The 3rd challenge was mainly for me. I’m bad with design. I would not trust myself with it. Furthermore, I did not have the software to do it so I had to use the school computers when there were no ongoing classes. It was an entirely tedious process for me. Still, eventually, it was completed. I appreciate what museums do with their brochures more now, especially the somewhat recent Angkor Wat/Cambodia exhibit’s booklet. There were many entertaining and interactive activities that must have taken a lot of talent and hard work.

Week 10: Contextual analysis

Attached is the contextual analysis for the 9th CE Tang blue-and-white stoneware.


Contextual Analysis

This blue-and-white ware was made in China, probably Gongxian kilns, ca 830s
Stoneware, diameter 23 cm

9th Century Potters in both China and West Asia contributed to the ninth-century creation of the earliest known blue-and-white ceramics. It is a combination of China’s superior ceramics technology with the unique cobalt blue glaze of Iran.

Initially, Near Eastern traders of China shipped white stonewares and porcelain to West Asia where they attempted to copy them. They attempted to cover their earthenwares with a white tin glaze but did not achieve the same quality as the original. However, it is through this that they began decorating their new white wares with their cobalt blue glaze. Again, the means by which they were applying the blue glaze resulted in a less than stellar final product.

The earliest known blue-and-white stonewares were created as a result of the interaction between China and West Asia in the 9th century. The blue-and-white ceramics of the Belitung Shipwreck were painted with a blue glaze. The practice of painting with cobalt blue seems to have started with Basran potters. Despite being made in China, they used cobalt blue glaze that had likely been mined in Iran, which shows the level of globalisation already happening during the 9th century.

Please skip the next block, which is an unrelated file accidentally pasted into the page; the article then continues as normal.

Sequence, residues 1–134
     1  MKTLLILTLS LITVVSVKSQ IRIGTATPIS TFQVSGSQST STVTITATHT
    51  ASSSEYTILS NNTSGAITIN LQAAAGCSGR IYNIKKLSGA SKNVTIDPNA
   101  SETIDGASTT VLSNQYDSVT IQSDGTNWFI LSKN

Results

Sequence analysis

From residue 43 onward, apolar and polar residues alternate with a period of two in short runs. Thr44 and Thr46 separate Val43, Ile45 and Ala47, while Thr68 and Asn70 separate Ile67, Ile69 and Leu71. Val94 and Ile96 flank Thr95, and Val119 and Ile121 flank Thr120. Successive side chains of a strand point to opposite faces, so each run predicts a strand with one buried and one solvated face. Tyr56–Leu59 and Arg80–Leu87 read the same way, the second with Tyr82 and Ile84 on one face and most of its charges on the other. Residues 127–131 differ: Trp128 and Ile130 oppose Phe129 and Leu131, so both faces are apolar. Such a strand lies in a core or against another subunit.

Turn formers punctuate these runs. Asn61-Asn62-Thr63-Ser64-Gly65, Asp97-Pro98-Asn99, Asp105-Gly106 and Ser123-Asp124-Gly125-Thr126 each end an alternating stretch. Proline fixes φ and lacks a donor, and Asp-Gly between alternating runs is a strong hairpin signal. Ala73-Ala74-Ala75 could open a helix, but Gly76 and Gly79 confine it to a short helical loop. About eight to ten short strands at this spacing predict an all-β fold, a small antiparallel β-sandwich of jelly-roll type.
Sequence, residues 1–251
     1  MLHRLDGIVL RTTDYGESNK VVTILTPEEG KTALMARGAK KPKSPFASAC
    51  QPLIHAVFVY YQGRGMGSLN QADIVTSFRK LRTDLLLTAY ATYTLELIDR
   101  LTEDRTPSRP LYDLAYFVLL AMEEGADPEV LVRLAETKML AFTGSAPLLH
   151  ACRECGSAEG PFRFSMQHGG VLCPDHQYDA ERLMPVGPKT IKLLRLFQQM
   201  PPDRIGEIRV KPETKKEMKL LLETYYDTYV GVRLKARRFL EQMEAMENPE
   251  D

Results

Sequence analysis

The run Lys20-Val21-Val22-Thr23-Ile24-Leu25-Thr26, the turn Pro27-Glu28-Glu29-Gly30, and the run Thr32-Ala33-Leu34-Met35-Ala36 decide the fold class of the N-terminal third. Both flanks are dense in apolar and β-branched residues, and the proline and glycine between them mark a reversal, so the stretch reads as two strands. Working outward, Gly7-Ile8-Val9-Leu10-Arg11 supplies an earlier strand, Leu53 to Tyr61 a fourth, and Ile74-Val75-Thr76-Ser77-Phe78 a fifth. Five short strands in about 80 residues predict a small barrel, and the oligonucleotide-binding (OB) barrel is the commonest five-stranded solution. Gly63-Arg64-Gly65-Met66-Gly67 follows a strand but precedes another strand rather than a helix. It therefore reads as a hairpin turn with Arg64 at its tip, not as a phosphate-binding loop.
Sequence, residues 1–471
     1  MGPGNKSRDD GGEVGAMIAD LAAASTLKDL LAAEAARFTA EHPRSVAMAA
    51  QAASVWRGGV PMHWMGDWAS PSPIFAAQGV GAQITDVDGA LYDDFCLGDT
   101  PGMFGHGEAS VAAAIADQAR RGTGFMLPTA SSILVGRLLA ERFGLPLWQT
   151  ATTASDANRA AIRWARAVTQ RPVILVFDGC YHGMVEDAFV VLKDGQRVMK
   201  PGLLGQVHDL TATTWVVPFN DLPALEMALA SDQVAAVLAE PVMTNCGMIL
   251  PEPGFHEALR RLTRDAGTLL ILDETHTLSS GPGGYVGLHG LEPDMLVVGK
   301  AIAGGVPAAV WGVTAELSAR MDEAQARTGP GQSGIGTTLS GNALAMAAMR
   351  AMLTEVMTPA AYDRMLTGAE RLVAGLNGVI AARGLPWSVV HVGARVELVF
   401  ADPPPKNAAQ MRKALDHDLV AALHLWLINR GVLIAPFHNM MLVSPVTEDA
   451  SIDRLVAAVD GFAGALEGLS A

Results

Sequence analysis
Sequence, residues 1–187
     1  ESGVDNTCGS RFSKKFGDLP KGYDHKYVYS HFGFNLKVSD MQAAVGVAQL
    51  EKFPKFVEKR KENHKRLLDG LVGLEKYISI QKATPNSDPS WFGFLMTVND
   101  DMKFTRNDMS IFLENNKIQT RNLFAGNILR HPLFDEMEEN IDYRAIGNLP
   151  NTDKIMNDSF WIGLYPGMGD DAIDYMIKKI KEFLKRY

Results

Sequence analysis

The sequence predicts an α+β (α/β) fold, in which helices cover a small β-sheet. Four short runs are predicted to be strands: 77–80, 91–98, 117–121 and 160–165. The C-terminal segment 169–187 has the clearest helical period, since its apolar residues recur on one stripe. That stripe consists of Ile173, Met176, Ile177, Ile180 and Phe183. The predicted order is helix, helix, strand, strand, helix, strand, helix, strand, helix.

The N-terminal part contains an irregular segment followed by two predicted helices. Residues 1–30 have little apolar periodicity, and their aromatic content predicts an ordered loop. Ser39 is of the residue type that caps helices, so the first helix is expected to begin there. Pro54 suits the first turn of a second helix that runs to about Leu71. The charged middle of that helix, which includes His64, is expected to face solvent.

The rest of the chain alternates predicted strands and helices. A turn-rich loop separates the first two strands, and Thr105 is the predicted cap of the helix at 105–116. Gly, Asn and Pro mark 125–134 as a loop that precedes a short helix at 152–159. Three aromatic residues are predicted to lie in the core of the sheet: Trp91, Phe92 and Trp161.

The Gongxian potters painted a lozenge pattern with flowers in the centre of it. This design appears on a variety of objects bound for the Abbasid, where the design originally developed. The lozenge motif is a design favoured in the Middle East, which again, shows the connection between China and the Middle East. It also possibly means that the Chinese were trying to create these plates for the Middle Eastern market which was the Abbasid Empire that includes modern-day Iran, Iraq, and the surrounding regions.

The blue-and-white dishes discovered with the ship are the first and earliest complete Chinese blue-and-white ceramics known to exist to date. This gives us insight into the birth of blue-and-white Chinese ceramics and its subsequent popularity among in the world – inspiring others to try to copy and eventually succeeding in achieving a similar quality.

While the blue-and-white stonewares of Gongxian kilns have been claimed to be the earliest examples of the design, it is only in the Jingdezhen kilns where blue-and-white porcelains really took off which then inspired the imitations and rush to create others of similar quality.


“Blue-and-White Dish.” Asian Civilisations Museum. Accessed November 1, 2018.

Krahl, Regina. “Tang Blue-and-White.” In Shipwrecked: Tang Treasures And Monsoon Winds. Edited by Regina Krahl, John Guy, J. Keith Wilson, and Julian Raby. Washington, D.C.: Arthur M. Sackler Gallery, Smithsonian Institution; Singapore: National Heritage Board, Singapore Tourism Board, 2011.)

“The Cargo: Blue-and-White Ceramics from the Gongxian Kilns.” Asia Society. Accessed November 1, 2018.

Zhu, Feng and Jie Shao. “The Origin Of Blue-And-White And The Birth Of
Symbols.” Asian Social Science 5, no. 5 (2009): 77-81. Accessed April 1,